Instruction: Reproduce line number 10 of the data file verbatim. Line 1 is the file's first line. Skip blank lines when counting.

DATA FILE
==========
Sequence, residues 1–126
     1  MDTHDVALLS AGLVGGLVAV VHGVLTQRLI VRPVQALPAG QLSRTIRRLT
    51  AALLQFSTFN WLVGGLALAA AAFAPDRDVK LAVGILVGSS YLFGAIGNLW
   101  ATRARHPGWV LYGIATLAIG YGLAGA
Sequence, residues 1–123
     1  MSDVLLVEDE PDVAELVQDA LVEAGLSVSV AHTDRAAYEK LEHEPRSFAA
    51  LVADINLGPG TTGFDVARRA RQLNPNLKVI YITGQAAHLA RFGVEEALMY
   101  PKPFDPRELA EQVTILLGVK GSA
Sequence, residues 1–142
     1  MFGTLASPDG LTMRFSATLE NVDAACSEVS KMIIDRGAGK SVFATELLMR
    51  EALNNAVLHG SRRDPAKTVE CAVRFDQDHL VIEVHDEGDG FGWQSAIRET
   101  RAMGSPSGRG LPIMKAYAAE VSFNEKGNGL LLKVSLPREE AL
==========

     1  MFGTLASPDG LTMRFSATLE NVDAACSEVS KMIIDRGAGK SVFATELLMR